As a long-time managing director at Merrill Lynch in Colorado, David Mullen hired and trained more than 500 advisors. His training program was considered superior to industry norms and his techniques have been adopted by managers and advisors throughout the country. He is known for his career in training, retaining and motivating financial advisors.
In his new book, The Million Dollar Financial Practice, Mullen culls what he’s learned and what he taught throughout his career in an easy-to-follow book aimed at both neophyte advisors entering the industry and veterans wanting to kick their business up a notch or two.
Mullen reveals the five characteristics of million-dollar producers:1. They set business and activity goals and track their progress.2. They are motivated.3. They market relentlessly.4. They manage their time effectively.5. They make establishing relationships with affluent individuals their first priority.
Indeed, he writes that million-dollar producers do not possess any extraordinary skills.
The book is divided into three parts. Part 1 is about building the foundation, which happens in the first two years of the advisor’s career. “During this stage, the advisor should spend the majority of his time on marketing,” writes Mullen. Advisors should build a book of 50 client relationships and a prospect pipeline of 100. Seventy percent of the advisor’s time should be spent marketing.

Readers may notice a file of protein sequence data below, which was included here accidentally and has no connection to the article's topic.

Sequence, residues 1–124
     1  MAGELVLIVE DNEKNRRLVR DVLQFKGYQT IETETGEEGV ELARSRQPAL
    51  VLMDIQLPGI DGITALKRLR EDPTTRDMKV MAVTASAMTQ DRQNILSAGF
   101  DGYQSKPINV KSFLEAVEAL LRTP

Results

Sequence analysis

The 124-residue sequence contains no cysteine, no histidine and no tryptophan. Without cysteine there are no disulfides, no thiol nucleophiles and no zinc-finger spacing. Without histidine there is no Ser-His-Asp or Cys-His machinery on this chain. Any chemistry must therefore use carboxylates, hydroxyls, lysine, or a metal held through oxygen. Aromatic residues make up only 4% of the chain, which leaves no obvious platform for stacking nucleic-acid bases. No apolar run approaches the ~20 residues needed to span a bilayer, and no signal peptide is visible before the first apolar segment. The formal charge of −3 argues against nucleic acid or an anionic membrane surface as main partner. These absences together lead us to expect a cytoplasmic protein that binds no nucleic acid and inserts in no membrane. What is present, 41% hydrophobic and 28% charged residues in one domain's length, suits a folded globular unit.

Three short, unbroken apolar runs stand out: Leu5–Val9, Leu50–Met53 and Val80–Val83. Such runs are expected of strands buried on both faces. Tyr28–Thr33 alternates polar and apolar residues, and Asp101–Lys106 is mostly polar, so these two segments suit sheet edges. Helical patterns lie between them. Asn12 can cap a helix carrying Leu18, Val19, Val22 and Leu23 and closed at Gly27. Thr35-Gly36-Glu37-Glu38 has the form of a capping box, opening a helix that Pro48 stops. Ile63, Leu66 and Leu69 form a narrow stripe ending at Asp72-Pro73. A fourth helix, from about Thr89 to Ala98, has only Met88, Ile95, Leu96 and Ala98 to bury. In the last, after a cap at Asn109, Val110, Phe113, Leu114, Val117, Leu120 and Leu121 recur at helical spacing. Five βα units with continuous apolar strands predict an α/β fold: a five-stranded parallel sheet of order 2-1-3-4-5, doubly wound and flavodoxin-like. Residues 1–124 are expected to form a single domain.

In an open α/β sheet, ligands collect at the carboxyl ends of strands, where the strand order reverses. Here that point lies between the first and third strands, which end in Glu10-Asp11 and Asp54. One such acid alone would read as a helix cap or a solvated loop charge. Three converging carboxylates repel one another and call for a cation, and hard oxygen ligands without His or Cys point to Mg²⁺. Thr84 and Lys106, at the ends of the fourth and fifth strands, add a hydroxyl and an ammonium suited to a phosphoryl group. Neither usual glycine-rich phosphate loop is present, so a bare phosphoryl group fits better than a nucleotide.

Stage 2 runs from the third to fifth year of business when the advisor must balance client service with marketing. Mullen writes that the advisor should have 100 client relationships and 100 or more prospects. “The advisor should spend 50 percent of her time on marketing,” he writes.
Stage 3 is beyond five years. “The advisor should continue to upgrade the 100 client relationships throughout his career,” he writes. The advisor should spend 25 percent of his time on marketing and see at least one new prospect per week.